Raw food as a diet and movement 

10 days. Only raw foods, no meat or dairy.

Extreme circumstances call for extreme measures. A restaurant critic's diet is, for obvious reasons, somewhat extreme. Healthy eating is difficult and often impossible. I employ various methods to combat my profession's caloric surfeit, but many of those methods result in a schizophrenic seesaw of excess and deprivation, the multicourse meal followed by sparse salads after workouts. It's the way it has to be. But once a year, I try for a full-on cleanse, a diet of some sort that will completely reset my system.

In 2007, I attempted a fruit cleanse, where I ate fruit and little else for three days. It made me hate fruit, which seemed too high a price to pay. Last year, I drank a foul-tasting detox tonic every two hours for a few days, which did absolutely nothing but wreak havoc on my digestive system. This year, inspired by a colleague, I decided to try a raw food diet. For 10 days, I would eat only raw foods, and no meat or dairy.

As a cleanse, raw food appealed to me because it involved no crazy self-denial. A wide range of foods is allowed on such a diet, and there's no limit to how much you can eat, as long as nothing's cooked. While there's debate within the movement about alcohol, wine is generally considered raw, so drinking was allowed. I was also interested in the raw food movement, and liked the challenge of eating without the tools on which I typically rely. Often, such obstacles force us to look at food in a different way, and the science-experiment aspect of the exercise interested me.

The raw food movement dates as far back as the 1800s. While there are three types of raw foodists (and subsets within those three categories), I would be attempting raw veganism, as opposed to raw vegetarianism where raw dairy is allowed, and raw omnivorism, which allows raw meat. Raw veganism is the most common form, probably because it's a natural extension of vegansim: the next step once you've already given up meat and dairy.

But raw foodism's main philosophical stance relates to health. Proponents believe raw foods (also referred to as living foods) contain beneficial enzymes that disappear once foods are cooked, or heated above 115 degrees Fahrenheit. I've read raw food texts that go so far as to assert that food is rendered "toxic" by the cooking process. The idea that the human body was built to eat raw vegetables, fruits and nuts, is central to raw eating, as is the notion that we've never fully adjusted to the change in diet brought about by the human innovation of cooking. I'm not sure how much I buy any of these claims – to me, the prospect of eating raw meant no processed foods, less fats, and a chance for my body to recover. I expected it to be difficult. I did not expect it to entirely change the way my body responded to food.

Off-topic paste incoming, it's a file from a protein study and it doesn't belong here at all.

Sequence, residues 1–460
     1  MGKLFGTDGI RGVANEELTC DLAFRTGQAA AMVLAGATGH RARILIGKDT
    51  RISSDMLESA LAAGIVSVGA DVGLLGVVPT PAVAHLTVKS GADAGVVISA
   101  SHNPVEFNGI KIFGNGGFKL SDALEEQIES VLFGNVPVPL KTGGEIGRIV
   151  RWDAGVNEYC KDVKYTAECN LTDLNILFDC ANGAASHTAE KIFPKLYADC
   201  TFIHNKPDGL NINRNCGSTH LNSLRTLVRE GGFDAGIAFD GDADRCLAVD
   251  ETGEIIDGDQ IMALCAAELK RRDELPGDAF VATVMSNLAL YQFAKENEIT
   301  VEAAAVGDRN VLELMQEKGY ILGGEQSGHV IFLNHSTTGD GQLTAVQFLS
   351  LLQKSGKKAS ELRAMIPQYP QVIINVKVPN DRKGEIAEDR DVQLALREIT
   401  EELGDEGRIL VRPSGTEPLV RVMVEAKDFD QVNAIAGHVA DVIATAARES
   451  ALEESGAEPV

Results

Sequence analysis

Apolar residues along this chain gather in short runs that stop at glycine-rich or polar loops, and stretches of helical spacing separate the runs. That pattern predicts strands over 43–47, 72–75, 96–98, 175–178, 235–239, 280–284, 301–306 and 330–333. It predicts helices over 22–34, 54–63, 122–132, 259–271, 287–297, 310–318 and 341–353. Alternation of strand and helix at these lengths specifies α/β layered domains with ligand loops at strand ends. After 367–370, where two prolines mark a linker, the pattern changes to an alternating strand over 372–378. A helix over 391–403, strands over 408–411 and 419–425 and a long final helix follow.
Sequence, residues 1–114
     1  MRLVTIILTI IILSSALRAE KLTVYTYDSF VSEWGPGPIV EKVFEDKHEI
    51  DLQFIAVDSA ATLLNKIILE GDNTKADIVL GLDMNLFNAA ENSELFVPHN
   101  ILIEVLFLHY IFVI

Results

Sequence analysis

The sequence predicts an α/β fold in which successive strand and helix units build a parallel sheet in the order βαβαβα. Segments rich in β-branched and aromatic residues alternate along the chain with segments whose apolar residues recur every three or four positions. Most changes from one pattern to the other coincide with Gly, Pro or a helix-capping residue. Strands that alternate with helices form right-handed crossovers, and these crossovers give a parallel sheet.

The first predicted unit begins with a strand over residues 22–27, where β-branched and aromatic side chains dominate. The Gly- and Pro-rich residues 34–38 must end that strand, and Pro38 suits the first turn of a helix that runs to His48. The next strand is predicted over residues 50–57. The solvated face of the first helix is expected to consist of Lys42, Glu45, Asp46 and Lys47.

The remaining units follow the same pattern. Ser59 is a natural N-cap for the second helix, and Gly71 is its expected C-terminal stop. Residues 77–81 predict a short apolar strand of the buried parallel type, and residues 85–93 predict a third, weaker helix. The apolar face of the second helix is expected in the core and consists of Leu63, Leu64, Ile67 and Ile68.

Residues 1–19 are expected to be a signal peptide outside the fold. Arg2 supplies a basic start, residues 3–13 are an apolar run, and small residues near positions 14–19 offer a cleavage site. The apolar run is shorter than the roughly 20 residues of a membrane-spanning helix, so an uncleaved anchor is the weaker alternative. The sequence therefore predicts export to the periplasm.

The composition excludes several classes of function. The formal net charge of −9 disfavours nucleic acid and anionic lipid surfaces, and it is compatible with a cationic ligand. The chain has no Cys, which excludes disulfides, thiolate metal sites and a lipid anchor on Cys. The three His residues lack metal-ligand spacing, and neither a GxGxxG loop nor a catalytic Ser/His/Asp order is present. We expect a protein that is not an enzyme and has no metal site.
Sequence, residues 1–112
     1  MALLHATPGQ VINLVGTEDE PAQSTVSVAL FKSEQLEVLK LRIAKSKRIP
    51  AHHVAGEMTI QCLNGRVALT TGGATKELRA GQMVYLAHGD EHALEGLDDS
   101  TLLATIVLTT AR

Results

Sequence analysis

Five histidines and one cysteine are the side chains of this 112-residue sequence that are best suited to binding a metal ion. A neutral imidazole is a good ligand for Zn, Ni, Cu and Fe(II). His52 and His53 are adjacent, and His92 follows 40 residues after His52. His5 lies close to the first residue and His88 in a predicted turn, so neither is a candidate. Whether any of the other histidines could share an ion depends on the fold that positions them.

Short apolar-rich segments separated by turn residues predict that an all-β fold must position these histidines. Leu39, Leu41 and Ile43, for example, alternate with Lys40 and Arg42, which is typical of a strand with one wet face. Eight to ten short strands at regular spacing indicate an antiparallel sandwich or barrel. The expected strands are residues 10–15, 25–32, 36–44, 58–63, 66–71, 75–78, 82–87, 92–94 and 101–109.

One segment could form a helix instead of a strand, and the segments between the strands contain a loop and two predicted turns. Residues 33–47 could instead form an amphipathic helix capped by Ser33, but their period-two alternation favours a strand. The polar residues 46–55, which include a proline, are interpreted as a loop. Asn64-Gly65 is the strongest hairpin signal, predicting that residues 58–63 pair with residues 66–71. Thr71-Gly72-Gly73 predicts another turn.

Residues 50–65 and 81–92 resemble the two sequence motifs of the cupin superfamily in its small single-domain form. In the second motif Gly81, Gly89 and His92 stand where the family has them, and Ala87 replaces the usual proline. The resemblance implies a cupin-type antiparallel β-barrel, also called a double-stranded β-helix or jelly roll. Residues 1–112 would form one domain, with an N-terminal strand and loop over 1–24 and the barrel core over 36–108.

I began on a Saturday evening with a salad and a raw lasagna made by CL Editor Mara Shalhoup, who also undertook the diet. The lasagna, made of layered, thinly sliced zucchini, tomato, pine nut "ricotta" and pesto, was delicious – tangy, crunchy, nutty and satisfying. It was like a lasagna salad, but the nuts and ricotta (made with nutritional yeast) made it rich and hearty as well. I felt good. I felt healthy. It was going to be a great 10 days.

Atlanta has a number of resources for raw eaters. There's a 100 percent raw restaurant in East Point called Lov'n It Live. R. Thomas has two raw entrées on its menu, and sells raw salads and a raw breakfast cereal at Sevananda made of sprouted, dried buckwheat, dried coconut and fruits, which I ate every morning during the diet. There are raw food delivery services, lifting some of the burden of preparation (don't call it cooking -- semantics are important). Akil Amen, a chef who prepares exclusively raw food, hosts demonstrations every Monday afternoon at Sevananda.

Amen came to raw food through a series of jobs and learning experiences. He owned Turnover Time in Cabbagetown and although he served some meat at his restaurant, his vegan soups and vegetarian turnovers gave him "a reputation as a vegetarian chef," he says. After Turnover Time closed, Amen went to work at Dynamic Dish, the mainly vegetarian restaurant on Edgewood Avenue owned by David Sweeney. "David taught me the concept of slow food, of supporting local farms. When I had my own restaurant, I didn't really know anything about that."

From Dynamic Dish, Amen discovered and eventually worked for Living Foods Delight, a short-lived raw food restaurant in Grant Park. "It's been a natural progression over the last several years for me," Amen says. His own diet is now close to 100 percent raw.

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